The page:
Editor’s note: This is the thirteenth in a series of articles recalling vanished Huntington landmarks.
HUNTINGTON — Today, Marshall University plays football at Joan C. Edwards Stadium. But for more than 60 years — from 1928 to 1990 — Fairfield Stadium was the home of the Herd. The old red brick stadium was also the site of countless high school football games and a wide variety of other events.
When the Huntington Board of Park Commissioners was created in 1925, one provision of its charter empowered it to join with Marshall and/or the local school system to erect a stadium. To that end, the park board purchased a tract of land bordered by Charleston and Columbia avenues, between 14th and 15th streets. The property had first been used as a commercial gravel pit and later as garbage dump.
The 10,000-seat stadium cost $130,000 to build. In the first game played at Fairfield, on Sept. 29, 1928, Huntington High defeated Portsmouth (Ohio) High 18-0.
From the outset, Fairfield’s three-way ownership was a prescription for trouble. With no one group solely in charge, essential maintenance was neglected and the stadium badly deteriorated over the years. In 1962, city inspectors slapped a CONDEMNED sign on the structure. Repairs were made and the stadium reopened.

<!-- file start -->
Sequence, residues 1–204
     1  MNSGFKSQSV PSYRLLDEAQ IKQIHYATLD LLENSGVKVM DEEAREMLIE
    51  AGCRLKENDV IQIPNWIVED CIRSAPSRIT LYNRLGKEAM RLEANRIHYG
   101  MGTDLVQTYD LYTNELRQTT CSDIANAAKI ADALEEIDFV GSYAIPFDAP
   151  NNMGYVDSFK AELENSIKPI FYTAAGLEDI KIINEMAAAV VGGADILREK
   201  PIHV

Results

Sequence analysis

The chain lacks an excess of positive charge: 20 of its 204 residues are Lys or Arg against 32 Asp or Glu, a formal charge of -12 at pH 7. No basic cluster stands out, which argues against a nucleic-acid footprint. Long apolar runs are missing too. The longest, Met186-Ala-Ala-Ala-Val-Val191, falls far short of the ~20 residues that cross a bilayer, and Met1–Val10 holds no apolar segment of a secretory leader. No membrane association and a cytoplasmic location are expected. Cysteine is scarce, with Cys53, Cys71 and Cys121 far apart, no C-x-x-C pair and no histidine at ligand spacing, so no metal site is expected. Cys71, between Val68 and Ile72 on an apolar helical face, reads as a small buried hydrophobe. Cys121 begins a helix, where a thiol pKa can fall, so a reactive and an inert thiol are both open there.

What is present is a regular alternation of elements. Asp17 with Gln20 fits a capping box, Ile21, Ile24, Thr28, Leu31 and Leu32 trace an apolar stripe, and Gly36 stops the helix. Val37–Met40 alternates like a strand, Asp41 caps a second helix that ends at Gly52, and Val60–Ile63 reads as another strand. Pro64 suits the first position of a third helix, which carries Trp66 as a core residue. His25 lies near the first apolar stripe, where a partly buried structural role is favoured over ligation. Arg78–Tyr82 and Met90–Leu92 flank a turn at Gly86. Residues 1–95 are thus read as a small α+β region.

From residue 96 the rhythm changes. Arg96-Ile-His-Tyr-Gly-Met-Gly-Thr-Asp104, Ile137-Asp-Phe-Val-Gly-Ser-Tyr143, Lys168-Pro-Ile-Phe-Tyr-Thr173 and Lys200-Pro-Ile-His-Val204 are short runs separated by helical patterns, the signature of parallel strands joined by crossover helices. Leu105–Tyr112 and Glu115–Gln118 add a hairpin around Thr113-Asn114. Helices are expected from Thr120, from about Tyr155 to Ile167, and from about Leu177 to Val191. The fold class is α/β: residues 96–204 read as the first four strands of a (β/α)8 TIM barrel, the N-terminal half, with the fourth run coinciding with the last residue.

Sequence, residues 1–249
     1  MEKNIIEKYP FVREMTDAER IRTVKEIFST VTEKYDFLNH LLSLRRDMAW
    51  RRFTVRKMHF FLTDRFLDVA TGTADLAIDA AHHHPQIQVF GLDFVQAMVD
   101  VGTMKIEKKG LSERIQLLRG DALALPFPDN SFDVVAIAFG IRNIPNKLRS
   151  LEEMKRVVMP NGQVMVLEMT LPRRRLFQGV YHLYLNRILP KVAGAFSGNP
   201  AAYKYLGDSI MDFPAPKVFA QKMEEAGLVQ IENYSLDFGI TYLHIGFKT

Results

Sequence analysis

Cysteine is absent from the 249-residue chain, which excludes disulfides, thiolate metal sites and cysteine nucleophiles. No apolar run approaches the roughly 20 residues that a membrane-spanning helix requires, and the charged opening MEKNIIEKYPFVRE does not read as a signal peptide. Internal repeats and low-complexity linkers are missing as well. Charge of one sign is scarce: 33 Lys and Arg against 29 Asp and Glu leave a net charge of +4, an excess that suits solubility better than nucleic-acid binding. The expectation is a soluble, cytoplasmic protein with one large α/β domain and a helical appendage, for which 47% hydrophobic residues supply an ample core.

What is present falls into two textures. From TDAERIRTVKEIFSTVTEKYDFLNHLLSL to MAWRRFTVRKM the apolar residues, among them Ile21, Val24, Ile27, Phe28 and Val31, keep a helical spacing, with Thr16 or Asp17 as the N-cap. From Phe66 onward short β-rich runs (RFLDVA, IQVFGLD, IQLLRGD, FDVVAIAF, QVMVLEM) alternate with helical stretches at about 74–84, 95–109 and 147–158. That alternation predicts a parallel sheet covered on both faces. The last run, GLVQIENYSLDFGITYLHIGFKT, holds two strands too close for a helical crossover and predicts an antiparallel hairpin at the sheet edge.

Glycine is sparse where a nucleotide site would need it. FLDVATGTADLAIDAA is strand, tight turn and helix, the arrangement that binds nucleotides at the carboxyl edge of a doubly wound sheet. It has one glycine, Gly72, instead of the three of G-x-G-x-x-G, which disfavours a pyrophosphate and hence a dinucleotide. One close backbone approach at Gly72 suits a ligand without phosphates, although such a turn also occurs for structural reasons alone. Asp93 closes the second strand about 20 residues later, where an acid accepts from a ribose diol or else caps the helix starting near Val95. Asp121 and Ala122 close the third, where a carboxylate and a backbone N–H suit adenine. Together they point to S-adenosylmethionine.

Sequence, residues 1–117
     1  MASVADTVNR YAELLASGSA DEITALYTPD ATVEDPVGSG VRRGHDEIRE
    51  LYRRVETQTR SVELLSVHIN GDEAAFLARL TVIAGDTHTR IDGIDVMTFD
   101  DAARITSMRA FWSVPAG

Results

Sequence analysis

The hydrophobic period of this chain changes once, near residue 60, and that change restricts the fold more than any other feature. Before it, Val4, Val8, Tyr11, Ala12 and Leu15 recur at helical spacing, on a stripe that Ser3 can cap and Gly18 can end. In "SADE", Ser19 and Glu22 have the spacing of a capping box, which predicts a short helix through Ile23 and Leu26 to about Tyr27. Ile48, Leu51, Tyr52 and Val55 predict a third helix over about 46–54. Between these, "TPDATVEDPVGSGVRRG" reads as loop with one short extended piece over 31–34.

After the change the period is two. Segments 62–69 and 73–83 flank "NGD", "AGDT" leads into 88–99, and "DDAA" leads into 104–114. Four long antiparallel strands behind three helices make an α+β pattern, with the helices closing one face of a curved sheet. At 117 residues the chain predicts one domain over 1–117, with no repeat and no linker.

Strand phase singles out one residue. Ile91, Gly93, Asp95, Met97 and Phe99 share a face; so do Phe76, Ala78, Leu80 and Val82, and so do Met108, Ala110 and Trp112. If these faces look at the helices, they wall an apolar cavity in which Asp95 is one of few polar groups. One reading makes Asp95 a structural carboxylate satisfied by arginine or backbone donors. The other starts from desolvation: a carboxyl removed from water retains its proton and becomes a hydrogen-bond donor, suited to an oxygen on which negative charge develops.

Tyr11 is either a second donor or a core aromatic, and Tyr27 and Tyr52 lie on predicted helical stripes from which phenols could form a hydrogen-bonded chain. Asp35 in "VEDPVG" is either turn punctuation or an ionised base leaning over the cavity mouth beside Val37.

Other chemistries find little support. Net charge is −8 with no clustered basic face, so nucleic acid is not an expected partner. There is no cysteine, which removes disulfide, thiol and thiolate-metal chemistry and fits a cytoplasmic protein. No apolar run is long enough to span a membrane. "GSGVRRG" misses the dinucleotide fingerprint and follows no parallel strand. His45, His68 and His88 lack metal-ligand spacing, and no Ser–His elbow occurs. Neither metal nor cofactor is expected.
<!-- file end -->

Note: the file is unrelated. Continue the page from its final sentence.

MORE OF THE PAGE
In 1970 Marshall said it would undertake a major upgrade of Fairfield but only if the park board and the school system gave up their shared ownership. This they did, and Marshall installed an Astroturf playing surface, built new dressing rooms and made room for 6,800 more seats by lowering the field. But the outmoded stadium was living on borrowed time. Marshall played its last game at Fairfield on Nov. 10, 1990, and then happily departed for its new stadium.
Today, old Fairfield is gone — only the memories remain.